I finally scanned the embroidery series that I made over the summer. I still need to stretch them on frames. Nonetheless. Go see!
I took a beginning fibers class with Carrie Seid a few years ago, and one of our assignments was to make a little crochet sampler using a nontraditional material. A girl in my class used hair (harvested from her sorority sisters’ hairbrushes), and I remember thinking that it was quite possibly the most repulsive object I’d ever seen.
I’ve been seeking resolution on my embroidery series (I wrote about this here), and I think hair is the answer, in an exploration of the tension between the beautiful/controlled/tidy and the repulsive/bodily.
Now I need more hair. But this is a weird thing to ask someone for? I suppose I need to befriend a hair salon.
I re-photographed the Knots books today (and did 10000000 other things).
Cheers to fruitful days, and the opportunity for a do-over.
Update: Redone photographs are up on my website. Check it out!!! And upon further thought, I think there are more opportunities for redo than we probably realize.
I am interested in exploring pairs of forces that counter one another, yet somehow coexist.
The Knots series examines the tension between predictability and volatility, knowing and not knowing, and the internal and external. I’ve connected this set of ideas to R.D. Laing’s book Knots, in which the psychiatrist investigates circular patterns of thought in relationships. Other influences to this body of work include Patanjali’s Yoga Sutras, family photo albums, my experiences as a preschool art teacher, and intuitive responses to materials: string, trophies, photographs, and textiles.
Lately I’ve been manifesting these ideas in books, prints, and embroideries.
“To eat and to be eaten,” letterpress, typewriter, thread, Polaroid, closed dimension 4.5 x 5.25 x .5″, 2012
An interior view of “To eat and to be eaten”
“The self that is afraid of,” letterpress, typewriter, thread, closed dimension 5 x 7 x .25″, 2012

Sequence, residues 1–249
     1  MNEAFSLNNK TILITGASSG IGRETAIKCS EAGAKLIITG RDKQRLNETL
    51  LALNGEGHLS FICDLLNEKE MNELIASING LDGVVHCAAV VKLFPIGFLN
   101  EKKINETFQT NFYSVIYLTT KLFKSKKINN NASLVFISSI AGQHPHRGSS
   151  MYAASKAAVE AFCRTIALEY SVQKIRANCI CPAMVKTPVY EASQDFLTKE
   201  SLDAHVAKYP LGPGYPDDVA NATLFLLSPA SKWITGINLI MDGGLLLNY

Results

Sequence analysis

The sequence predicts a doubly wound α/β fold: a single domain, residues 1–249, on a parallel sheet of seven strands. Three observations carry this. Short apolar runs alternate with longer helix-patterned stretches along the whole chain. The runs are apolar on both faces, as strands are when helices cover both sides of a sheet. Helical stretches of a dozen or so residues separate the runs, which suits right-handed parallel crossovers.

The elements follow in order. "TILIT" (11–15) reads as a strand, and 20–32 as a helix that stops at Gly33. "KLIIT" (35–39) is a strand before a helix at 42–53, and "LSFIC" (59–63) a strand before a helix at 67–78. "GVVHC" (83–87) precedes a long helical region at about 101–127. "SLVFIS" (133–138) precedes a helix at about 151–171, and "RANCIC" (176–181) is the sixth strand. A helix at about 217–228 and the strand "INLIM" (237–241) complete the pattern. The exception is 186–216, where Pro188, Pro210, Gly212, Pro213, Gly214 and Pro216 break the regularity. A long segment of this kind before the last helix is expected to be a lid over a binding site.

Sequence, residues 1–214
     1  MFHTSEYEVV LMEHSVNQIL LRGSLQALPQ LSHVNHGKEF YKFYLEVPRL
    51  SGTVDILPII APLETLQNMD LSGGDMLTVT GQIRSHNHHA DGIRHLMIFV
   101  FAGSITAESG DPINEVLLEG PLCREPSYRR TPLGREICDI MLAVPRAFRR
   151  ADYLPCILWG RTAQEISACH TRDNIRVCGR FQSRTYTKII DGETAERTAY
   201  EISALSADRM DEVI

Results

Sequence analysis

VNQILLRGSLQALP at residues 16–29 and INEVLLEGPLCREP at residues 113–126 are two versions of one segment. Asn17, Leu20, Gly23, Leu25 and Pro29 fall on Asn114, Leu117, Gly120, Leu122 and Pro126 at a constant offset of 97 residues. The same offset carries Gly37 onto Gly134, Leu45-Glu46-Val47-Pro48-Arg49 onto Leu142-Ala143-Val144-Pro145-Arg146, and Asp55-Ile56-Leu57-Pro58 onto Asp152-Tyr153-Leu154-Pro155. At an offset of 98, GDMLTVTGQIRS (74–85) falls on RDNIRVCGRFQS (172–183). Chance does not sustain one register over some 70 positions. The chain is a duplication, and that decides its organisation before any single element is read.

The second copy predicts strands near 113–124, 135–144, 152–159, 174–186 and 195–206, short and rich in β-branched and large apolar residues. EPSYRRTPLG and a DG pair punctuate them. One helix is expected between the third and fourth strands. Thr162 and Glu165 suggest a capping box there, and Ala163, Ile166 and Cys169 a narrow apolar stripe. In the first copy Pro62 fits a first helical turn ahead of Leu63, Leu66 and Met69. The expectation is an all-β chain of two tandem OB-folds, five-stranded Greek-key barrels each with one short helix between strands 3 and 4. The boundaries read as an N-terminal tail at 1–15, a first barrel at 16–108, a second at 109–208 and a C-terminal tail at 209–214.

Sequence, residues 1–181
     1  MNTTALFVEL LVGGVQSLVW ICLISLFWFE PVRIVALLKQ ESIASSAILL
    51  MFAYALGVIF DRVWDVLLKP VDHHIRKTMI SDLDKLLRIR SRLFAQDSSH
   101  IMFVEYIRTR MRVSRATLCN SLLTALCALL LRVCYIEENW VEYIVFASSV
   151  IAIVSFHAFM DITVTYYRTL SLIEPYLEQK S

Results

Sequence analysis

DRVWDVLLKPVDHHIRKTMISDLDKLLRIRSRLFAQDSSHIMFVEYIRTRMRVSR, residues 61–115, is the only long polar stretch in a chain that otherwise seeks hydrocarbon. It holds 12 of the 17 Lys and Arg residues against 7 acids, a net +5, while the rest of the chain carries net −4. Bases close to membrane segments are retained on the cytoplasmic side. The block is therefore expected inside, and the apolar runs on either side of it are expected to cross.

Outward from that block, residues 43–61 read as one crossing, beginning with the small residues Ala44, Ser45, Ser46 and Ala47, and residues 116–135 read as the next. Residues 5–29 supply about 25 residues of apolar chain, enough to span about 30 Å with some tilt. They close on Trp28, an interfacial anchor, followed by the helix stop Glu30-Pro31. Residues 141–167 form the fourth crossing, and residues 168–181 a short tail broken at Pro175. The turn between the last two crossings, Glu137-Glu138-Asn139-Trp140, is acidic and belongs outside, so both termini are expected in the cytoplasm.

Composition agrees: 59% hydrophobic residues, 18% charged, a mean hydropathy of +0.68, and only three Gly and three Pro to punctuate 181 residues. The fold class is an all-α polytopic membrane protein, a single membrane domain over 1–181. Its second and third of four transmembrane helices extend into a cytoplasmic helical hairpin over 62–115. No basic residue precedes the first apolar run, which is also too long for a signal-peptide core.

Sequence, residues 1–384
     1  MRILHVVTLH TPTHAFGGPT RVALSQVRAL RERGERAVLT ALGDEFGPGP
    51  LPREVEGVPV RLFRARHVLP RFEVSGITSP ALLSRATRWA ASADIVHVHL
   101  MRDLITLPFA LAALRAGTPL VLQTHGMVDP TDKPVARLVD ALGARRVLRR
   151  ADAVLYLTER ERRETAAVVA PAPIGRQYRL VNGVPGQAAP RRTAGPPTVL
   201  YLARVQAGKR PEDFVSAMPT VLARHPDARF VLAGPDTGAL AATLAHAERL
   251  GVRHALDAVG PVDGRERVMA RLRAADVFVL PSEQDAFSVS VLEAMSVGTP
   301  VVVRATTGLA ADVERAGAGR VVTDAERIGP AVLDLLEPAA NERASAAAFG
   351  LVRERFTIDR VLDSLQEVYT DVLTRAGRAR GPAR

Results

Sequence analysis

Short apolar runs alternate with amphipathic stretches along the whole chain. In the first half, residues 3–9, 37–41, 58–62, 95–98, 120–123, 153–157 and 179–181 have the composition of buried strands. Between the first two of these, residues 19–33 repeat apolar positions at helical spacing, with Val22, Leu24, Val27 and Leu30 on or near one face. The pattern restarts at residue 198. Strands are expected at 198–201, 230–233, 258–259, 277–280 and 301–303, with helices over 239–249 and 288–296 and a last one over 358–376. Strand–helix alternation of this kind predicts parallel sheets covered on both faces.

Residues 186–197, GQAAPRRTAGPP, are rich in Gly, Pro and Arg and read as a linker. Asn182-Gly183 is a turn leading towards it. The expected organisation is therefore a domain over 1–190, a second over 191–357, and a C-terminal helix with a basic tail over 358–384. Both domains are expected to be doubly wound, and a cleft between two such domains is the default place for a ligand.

An interior view of “The self that is afraid of”
“I am doing it,” letterpress flexagon, typewriter, thread, closed dimension 2 x 3.5″, 2012
Interior view of “I am doing it”
Untitled in-progress embroideries, diameters ranging from 4″ to 10″
Detail, untitled embroidery
But, I let the plate sit for a few days (…maybe more than a few days…) and now my hard ground is rubbery. Sigh.
“Before one goes through the gate / one may not be aware there is a gate”
“One may think there is a gate to go through / and look a long time for it / without finding it
One may find it and / it may not open”
“If it opens one may be through it
As one goes through it / one sees that the gate one went through was the self that went through it”
“no one went through a gate / there was no gate to go through
no one ever found a gate / no one ever realized there was never a gate”
“(Text by R.D. Laing)”
(I finished another little leporello today in the Knots series. Letterpress, typewriter, photographs, thread.)
I just finished the first part of a drawing that will be a woodcut.
Can you tell I’m thoroughly exploring one idea?
Yesterday I took a risk by introducing a second color into an embroidery I’ve been working on.
A risk in the risky, risky world of embroidery.
“One is afraid of / the self that is afraid of”
“the self that is afraid of / the self that is afraid”
“One may perhaps speak of reflections. / (text by R.D. Laing)”
I made this book under the guidance of Barb Tetenbaum using text from R.D. Laing’s book Knots. I was inspired by a slide presentation by the weaving instructor during my session, Peggy Hart. I realized that I don’t know anything about weaving, and this made me realize that I’m unaware of my lack of knowledge about probably infinite other things. And then I think in circles.
A lot of things became more clear to me while making this book: it’s ok to ground ideas by using someone else’s text, it’s good to play and simplify, I’m really interested in incorporating fibers into my work, and I want to make more traditional codices. Even though this is a lepporello.
Hope you all are doing great. xoxo